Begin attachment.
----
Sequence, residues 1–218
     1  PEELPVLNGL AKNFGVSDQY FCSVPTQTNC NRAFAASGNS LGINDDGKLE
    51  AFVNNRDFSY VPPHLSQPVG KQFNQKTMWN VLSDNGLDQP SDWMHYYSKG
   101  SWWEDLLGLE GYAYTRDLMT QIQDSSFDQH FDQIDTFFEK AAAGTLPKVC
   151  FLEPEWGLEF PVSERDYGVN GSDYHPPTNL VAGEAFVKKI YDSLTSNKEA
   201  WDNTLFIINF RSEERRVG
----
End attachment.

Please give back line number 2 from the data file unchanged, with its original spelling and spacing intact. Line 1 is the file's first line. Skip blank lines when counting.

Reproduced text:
     1  PEELPVLNGL AKNFGVSDQY FCSVPTQTNC NRAFAASGNS LGINDDGKLE